Attorney general warns of telephone lottery scam
BISMARCK -- The state's top attorney said Tuesday that "if you are asked to send money before you can receive your prize, it is always a scam."
Millions of dollars have been stolen from people around the country by callers based in Jamaica claiming people have won a cash lottery prize and then requiring them to pay various taxes and fees before receiving the prize.
North Dakota Attorney General Wayne Stenehjem and U.S. Attorney Tim Purdon held their first-ever joint news conference to educate North Dakotans and show how severe the telephone scam has gotten in the state, saying it has reached an "epidemic" level.
"Don't make it easy for a thief to steal your money," Stenehjem said while standing in his office. "If you get a call that you have won a lottery or sweepstakes, hang up immediately."
The scam has largely targeted elderly, vulnerable adults, some of whom have fallen prey to the scam.
In March, a federal indictment was unsealed showing 15 Jamaican and American nationals were being charged with taking more than $1 million from at least 20 victims in the lottery scam. The cases are pending.
The indictment lists one victim as an 83-year-old woman from Harvey, N.D., who sent seven separate checks worth more than $150,000 after callers claimed she had won a $19 million cash prize.
"We all need to remind our older loved ones that there is never a valid reason for someone to require you to pay money up front before you can collect a prize," Purdon said.
An estimated 30,000 calls are placed into the U.S. a day from Jamaica as part of the scam, Purdon added.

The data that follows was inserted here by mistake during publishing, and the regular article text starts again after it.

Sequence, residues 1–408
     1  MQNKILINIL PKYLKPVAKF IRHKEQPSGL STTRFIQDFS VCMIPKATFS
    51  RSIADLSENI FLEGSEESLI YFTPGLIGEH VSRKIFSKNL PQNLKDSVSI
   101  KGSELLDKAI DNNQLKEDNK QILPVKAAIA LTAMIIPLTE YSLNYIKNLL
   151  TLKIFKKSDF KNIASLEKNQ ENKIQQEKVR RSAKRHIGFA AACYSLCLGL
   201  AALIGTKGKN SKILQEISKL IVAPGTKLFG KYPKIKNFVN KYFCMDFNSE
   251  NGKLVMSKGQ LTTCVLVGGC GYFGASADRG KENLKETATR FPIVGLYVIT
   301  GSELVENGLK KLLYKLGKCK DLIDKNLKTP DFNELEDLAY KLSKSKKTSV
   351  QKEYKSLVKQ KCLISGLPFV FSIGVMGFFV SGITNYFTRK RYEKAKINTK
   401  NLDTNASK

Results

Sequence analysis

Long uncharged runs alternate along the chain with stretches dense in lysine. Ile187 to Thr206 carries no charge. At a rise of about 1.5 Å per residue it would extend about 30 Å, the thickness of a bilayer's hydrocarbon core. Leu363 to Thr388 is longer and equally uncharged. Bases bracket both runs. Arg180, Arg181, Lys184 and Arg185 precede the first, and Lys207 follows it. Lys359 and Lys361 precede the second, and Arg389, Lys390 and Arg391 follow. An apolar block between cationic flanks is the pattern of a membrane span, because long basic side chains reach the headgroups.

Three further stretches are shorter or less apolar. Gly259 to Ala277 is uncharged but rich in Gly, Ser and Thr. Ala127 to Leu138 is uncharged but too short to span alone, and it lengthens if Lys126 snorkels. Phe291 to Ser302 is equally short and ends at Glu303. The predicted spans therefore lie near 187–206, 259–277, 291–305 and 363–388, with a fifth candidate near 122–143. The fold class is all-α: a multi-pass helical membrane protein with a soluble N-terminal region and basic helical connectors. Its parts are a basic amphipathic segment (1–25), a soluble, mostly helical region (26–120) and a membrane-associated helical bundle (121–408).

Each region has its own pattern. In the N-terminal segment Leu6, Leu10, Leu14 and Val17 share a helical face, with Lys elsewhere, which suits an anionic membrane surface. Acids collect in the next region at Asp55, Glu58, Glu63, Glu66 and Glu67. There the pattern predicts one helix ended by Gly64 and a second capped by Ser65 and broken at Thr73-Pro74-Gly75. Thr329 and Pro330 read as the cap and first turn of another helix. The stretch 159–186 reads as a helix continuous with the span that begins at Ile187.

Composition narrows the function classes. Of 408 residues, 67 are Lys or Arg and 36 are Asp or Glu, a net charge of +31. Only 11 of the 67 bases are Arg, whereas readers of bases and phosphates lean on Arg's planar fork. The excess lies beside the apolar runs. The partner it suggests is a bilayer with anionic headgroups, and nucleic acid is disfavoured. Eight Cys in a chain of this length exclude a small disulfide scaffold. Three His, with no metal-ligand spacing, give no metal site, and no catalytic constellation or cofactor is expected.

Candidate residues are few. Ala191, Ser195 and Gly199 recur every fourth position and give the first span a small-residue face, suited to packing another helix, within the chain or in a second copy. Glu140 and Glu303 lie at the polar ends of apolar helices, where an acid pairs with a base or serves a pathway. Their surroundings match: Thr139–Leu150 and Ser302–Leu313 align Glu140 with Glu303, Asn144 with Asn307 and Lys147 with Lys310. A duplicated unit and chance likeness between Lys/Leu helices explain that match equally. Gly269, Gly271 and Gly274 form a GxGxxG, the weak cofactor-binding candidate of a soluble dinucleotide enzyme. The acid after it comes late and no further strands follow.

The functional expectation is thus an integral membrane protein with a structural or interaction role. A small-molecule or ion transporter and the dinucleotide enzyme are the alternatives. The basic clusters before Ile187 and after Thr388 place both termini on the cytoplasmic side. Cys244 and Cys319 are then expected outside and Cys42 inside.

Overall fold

The scammers use various tricks to make it seem like the phone calls are local, sometimes using North Dakota's 701 area code.
Stenehjem said it's too difficult to know how many North Dakotans have fallen victim to the scam, as some may be too embarrassed to report it or may not know it's a scam.
Stenehjem and Purdon said they both have been called as part of the scam.
Stenehjem said the callers do not care about any do-not-call laws that penalize people who spam residents who have placed their phone numbers on a do-not-call list.
"Too often they are aware of the chances of getting caught, but they don't bother with it," he said.
If someone falls victim to the scam, the money is sent in various ways, eventually making it to Jamaica. Stenehjem said many people have used a MoneyPak card -- a card that can be purchased at many stores that acts like a prepaid debit card.
He said the callers only need the number on the back of the card to secure the money.
But Purdon said the largest hurdle the scammers face is physically moving the money from the U.S. to Jamaica, which has helped with the investigation.
Kate Nichols, U.S. postal inspection team leader, said the law enforcement arm of the Postal Service has 107 cases now related to the Jamaican calls, and has seen at least 905 victims with more than $16 million in losses.
The U.S. attorney's office is coordinating with the FBI, U.S. Postal Inspection Service and Homeland Security Investigations to continue to investigate the scam.
People who have responded to these calls are urged to contact the consumer protection division of the North Dakota Attorney General's Office at (800) 472-2600.